Women’s History Month Employee Profile – Whitney Mak
Zynga is happy to kick off celebrating #WomensHistoryMonth with an introduction to Whitney Mak, an engineering manager of the iconic game Words With Friends. Based in our Zynga Toronto office, Whitney joined the studio after working as an engineer at XMG Studio, Research In Motion, and ionGrid, Inc. She is deeply involved in Women At Zynga (WAZ), an employee resource group focused on supporting and encouraging women throughout their careers, and focuses her attention on STEM initiatives promoting women in technical and mathematical interests.
Read on to learn more about Whitney Mak!
How did you come to work at Zynga?
I chose to work at Zynga upon graduation from the University of Waterloo as I wanted to work somewhere that combined my passions for art and engineering in a creative way, and what better way than a mobile gaming company in my hometown city.
How does the mission shape the company culture?
I feel a company has to live its mission, and with a place like Zynga that has gaming offices all around the world collaborating on projects, we really do feel connected. Creating games is also about having fun and enjoying working with your peers, so we’ve really developed that type of culture where our teammates are also our friends that hang out outside of work.
Why is a culture like this so important to you?
I think it’s important to walk into work every day not having to worry about taking on the burdens and challenges alone. It’s great to have a strong and talented support system of people you can depend on and trust in your career.
How would you describe the people within Zynga?
The people at Zynga Toronto are why I have stayed with the company since graduation. We have an office with diverse interests, backgrounds, and experiences, but everyone is incredibly kind to one another and will spend the time helping each other out no matter how busy they are. People also love to share their skills and talents, and nobody is left out of groups and events. The engineering management team is also very attentive to individual career needs and is willing to constantly listen and improve.
I enjoy working on this team because it cultivates growth and support rather than competition. I feel like I can try different things and learn without being held back. It also makes me incredibly happy when we have created something great together, and I can see that people are proud of the work they have accomplished.
The Toronto tech landscape is getting increasingly competitive. Why should someone consider a career at Zynga versus another tech company?
Zynga is a place where the products have a direct impact on people’s lives, and they live out in the world. You are bringing something to an audience that interacts with your product each and everyday, so there’s a real excitement to create something they enjoy.
Tell us about joining WAZ (Women At Zynga) and what the group has brought to you and your career?
WAZ has provided a safe and communicative space for females in the tech and gaming industry to interact with each other and learn from one another. This group organizes great workshops and events that teaches us useful skills for the workplace and provides lots of confidence building opportunities. The mentorship provided by WAZ has allowed us to feel comfortable raising awareness around any challenges we experience, allowing us to create better processes and opportunities to attract more female talent.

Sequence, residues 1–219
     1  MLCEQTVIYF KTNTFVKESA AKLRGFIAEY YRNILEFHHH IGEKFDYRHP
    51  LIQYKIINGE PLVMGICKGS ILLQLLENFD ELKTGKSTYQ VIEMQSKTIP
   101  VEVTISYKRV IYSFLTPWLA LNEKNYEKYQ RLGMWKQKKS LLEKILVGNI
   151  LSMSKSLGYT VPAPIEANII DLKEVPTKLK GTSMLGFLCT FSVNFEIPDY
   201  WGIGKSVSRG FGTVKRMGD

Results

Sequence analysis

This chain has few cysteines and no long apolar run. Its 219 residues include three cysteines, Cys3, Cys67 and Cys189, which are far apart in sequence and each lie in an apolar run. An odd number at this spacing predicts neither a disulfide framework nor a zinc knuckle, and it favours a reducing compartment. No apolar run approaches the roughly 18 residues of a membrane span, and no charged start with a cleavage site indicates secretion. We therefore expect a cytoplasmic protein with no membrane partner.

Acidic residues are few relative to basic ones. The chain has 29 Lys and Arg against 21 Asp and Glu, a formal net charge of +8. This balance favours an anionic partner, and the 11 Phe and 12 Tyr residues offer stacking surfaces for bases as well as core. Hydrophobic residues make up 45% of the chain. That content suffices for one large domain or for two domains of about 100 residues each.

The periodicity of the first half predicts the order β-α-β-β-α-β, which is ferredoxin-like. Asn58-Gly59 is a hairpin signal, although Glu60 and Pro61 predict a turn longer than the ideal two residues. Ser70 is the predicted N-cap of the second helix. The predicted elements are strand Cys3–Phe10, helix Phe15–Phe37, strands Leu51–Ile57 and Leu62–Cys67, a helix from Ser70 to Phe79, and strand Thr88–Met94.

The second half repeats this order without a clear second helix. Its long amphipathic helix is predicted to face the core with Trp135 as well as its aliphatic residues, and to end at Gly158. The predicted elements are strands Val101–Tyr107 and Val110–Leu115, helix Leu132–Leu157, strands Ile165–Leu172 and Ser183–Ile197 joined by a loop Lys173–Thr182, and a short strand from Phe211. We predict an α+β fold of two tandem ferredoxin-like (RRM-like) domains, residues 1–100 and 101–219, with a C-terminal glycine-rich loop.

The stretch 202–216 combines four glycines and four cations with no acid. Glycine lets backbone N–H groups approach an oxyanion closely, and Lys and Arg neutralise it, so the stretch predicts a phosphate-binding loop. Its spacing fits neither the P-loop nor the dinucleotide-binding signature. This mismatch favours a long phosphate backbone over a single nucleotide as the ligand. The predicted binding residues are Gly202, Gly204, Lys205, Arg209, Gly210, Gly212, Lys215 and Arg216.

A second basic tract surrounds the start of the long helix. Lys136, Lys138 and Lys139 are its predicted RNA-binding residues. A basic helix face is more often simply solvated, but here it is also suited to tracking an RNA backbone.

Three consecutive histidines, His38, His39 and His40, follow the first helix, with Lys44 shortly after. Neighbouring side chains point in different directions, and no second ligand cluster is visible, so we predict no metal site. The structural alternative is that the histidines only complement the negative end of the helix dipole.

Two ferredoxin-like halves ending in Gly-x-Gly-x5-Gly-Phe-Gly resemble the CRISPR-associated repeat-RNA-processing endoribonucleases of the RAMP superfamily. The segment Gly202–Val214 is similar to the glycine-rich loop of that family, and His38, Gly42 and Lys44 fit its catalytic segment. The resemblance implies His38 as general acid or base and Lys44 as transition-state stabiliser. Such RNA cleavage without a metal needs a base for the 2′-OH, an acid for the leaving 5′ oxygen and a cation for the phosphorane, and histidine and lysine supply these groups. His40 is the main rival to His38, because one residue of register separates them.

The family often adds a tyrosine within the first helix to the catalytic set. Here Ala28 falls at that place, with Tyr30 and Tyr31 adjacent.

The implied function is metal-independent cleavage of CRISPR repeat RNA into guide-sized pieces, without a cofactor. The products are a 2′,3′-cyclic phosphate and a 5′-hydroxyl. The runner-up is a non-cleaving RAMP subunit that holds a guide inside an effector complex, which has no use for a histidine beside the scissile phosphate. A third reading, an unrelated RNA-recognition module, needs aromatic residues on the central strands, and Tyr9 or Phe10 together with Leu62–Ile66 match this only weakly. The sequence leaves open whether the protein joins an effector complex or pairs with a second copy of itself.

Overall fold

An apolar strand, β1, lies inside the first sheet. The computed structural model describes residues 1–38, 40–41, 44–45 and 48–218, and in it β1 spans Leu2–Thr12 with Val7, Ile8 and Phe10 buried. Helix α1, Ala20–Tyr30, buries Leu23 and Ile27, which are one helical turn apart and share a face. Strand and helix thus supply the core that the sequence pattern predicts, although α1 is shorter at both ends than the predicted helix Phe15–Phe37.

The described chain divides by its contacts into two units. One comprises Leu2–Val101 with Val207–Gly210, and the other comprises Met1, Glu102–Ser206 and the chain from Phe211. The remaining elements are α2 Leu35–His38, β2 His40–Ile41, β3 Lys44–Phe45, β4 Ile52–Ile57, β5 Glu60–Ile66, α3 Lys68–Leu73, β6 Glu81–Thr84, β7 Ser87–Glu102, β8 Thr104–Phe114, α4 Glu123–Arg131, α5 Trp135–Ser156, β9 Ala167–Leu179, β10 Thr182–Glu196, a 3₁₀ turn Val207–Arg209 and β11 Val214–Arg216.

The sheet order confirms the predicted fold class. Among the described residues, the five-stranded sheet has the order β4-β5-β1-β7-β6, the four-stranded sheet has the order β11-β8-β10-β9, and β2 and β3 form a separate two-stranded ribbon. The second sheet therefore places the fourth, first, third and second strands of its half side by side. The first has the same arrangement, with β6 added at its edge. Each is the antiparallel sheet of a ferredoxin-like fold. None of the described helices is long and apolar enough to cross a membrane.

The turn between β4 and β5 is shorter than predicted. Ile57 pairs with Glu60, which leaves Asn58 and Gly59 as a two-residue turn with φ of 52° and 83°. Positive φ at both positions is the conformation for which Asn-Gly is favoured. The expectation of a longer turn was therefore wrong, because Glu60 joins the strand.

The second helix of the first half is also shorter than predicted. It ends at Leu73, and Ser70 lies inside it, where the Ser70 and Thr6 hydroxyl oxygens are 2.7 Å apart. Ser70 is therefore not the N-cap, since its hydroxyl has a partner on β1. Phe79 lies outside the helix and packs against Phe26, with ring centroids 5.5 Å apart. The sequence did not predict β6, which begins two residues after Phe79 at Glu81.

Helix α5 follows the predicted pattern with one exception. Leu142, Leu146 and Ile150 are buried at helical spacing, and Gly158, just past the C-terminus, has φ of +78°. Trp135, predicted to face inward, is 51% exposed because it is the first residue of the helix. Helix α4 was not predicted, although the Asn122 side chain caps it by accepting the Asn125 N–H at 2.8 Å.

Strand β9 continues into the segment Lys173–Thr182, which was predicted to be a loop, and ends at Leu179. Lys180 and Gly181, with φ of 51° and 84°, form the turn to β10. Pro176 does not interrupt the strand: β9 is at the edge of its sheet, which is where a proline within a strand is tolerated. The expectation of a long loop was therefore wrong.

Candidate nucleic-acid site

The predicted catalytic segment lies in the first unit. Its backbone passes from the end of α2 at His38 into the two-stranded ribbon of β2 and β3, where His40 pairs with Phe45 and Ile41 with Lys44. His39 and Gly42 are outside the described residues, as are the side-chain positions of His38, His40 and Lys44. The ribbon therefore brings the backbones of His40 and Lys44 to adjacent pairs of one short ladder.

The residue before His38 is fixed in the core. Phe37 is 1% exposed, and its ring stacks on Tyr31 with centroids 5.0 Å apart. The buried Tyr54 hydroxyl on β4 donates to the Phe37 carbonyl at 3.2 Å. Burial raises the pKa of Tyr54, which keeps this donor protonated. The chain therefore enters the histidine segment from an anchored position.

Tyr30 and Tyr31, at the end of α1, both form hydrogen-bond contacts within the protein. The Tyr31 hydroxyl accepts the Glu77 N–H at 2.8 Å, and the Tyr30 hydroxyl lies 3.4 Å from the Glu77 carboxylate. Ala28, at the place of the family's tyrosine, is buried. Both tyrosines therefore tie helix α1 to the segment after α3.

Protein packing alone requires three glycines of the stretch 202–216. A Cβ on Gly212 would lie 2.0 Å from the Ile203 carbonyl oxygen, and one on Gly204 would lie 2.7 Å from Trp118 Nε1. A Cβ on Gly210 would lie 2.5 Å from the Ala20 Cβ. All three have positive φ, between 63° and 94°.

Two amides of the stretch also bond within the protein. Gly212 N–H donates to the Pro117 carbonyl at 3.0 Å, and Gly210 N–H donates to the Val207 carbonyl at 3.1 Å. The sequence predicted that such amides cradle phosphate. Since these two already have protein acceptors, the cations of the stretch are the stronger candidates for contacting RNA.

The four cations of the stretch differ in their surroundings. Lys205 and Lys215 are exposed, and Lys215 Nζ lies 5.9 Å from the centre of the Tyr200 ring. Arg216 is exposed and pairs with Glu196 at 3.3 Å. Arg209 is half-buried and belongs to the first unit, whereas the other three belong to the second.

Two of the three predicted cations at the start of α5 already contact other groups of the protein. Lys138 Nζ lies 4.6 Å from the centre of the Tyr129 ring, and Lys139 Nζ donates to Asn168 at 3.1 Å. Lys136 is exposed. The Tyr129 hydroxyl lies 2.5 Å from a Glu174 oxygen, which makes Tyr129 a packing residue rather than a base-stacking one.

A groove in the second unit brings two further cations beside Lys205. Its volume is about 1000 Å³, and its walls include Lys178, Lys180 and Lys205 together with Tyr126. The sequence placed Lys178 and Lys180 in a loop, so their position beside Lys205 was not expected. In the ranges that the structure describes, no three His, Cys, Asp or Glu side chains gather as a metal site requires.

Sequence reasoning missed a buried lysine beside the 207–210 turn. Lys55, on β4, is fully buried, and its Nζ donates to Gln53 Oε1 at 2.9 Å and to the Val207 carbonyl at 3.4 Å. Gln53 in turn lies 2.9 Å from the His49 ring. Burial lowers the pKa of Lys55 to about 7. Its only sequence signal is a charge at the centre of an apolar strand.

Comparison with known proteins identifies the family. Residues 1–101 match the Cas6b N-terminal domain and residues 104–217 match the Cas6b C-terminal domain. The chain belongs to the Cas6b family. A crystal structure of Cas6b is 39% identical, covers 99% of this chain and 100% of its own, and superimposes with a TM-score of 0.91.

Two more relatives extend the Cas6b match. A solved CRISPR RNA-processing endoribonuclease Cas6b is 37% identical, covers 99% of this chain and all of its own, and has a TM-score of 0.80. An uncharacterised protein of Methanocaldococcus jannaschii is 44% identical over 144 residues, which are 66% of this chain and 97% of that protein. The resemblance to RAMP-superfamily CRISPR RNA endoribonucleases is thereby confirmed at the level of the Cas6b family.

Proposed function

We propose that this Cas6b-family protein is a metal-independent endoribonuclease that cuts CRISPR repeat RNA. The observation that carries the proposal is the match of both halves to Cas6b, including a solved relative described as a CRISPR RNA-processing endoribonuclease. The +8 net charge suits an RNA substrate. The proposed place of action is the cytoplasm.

As a woman in the tech industry, what are some difficulties or obstacles that you’ve faced, and how did you overcome them?
Navigating the tech and engineering space as a woman has always been an interesting one because I grew up loving coding and technology at a very young age, which means I had to adapt to learning and working in spaces that were primarily dominated by males. When you’re visibly different and possibly the only one in the room who approaches things with a different mindset, it can sometimes be difficult to see yourself fitting into the environment and being as good as everyone else around you. There were moments where I struggled hard to break down the stereotypes and judgements that people had around how effective my skills would be because the majority of top performers they work with were not female. Over the years, I learned to trust my instincts and seek out multiple viewpoints before doubting myself, and I was able to start building confidence by letting the quality, speed, and focus in my work speak for itself. Not having enough strong female engineering leadership for me to learn from has also been an obstacle in terms of motivation, but many wonderful male mentors have recognized me for my talents and given me the support needed to grow and navigate this space as I discover my own path.
Do you have any mentors or leaders that have helped or inspired you throughout your career?
I often derive my inspiration from current female innovators that have created products and communities to help interest more females in studying STEM fields. Particularly people like Debbie Sterling, the creator of toys meant for empowering females to develop an interest in engineering and technology, and Linda Liukas – a programmer and author of childrens’ books that teaches kids the concepts of coding and how computers work.
In terms of my career, my most important mentor has been my manager at Zynga – Raj Patel. He has allowed me to see my potential in this field and provided me many opportunities to get to where I am today. He has always been supportive of my initiatives and has opened up my network to other strong engineering leaders in the current tech industry who have given me great advice along the way.